Ages, stages, and educational institutions

Children are given different social roles and responsibilities based on their perceived level of social competence rather than their age. Yet in many industrialized nations the age of children underpins the way we organize preschool, childcare and schools. Before the 1800s, age was not a criterion for organizing people. Generally, people were unaware of their age, and age-related practices were not the norm. Rogoff argues that industrialization saw the systemization of people into specialized institutions according to age. She states that ‘Developmental psychiatry and paediatrics began at this time, along with old-age institutions and age-graded schools’.”[1]

Child development as presently conceptualized and enacted within many European heritage communities has become normalized and institutionalized within early childhood education. Ages and stages underpin this particular taken-for-granted practice, and the expectations within stages focus on those appropriate for western communities.”[2]

“The perspective taken by a caregiver or educator shapes how they respond to, think about, and plan for children.”[3]

“Educators look for and expect particular behaviours; when they are not forthcoming concern is expressed about the individual. An evolutionary view of child development is embedded within the institutionalized thinking of early childhood education in most European countries. Vygotsky (1998),” she continues, “argues for a … perspective of child development […as] a dialectical process ‘in which a transition from one stage to another is accomplished not along an evolutionary, but along a revolutionary path’. Vygotsky (1998) argues that a dialectical approach to development invites the pedagogue to be continually projecting learning beyond the child’s current capacities, but will do so in ways which connect with the child’s growing sense of themselves within their communities/institutions. This particular perspective encourages teachers to examine context as well as the children’s zones of proximal development when making judgements about children and when planning for learning.”[4]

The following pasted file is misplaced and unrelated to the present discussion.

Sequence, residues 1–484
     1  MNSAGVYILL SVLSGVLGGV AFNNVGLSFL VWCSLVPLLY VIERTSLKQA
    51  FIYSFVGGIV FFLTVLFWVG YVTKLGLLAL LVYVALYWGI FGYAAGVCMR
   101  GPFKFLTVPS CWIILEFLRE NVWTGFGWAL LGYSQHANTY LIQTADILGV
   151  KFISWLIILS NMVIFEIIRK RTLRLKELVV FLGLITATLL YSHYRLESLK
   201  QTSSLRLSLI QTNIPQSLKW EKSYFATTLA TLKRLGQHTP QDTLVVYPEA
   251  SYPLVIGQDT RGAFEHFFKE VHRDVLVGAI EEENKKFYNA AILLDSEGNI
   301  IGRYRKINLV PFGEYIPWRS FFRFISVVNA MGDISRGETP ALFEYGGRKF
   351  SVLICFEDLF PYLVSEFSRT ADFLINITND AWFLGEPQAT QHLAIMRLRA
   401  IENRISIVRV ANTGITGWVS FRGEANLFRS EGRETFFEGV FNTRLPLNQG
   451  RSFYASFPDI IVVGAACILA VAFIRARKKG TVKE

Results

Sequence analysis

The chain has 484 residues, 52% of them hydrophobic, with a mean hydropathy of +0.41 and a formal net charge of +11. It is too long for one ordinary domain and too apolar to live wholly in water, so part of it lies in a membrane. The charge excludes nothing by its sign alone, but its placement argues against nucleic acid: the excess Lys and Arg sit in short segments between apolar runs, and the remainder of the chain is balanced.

[1] 130 Marilyn Fleer (2006) ‘The cultural construction of child development: creating institutional and cultural intersubjectivity’ International Journal of Early Years Education 14(2)June: 127-140    [2] 131 Marilyn Fleer (2006) ‘The cultural construction of child development: creating institutional and cultural intersubjectivity’ International Journal of Early Years Education 14(2)June: 127-140    [3] 131 Marilyn Fleer (2006) ‘The cultural construction of child development: creating institutional and cultural intersubjectivity’ International Journal of Early Years Education 14(2)June: 127-140    [4] 131 Marilyn Fleer (2006) ‘The cultural construction of child development: creating institutional and cultural intersubjectivity’ International Journal of Early Years Education 14(2)June: 127-140

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About backyardbooks

This blog is a kind of electronic storage locker for ideas and quotes that inform my research... literary research into fiction for young adults (with a special focus on New Zealand fiction). Kiwis are producing amazing literature for younger readers, but it isn't getting the academic appreciation it deserves. I hope readers of this blog can make use of the material I gather and share by way of promoting our fiction. Cheers!
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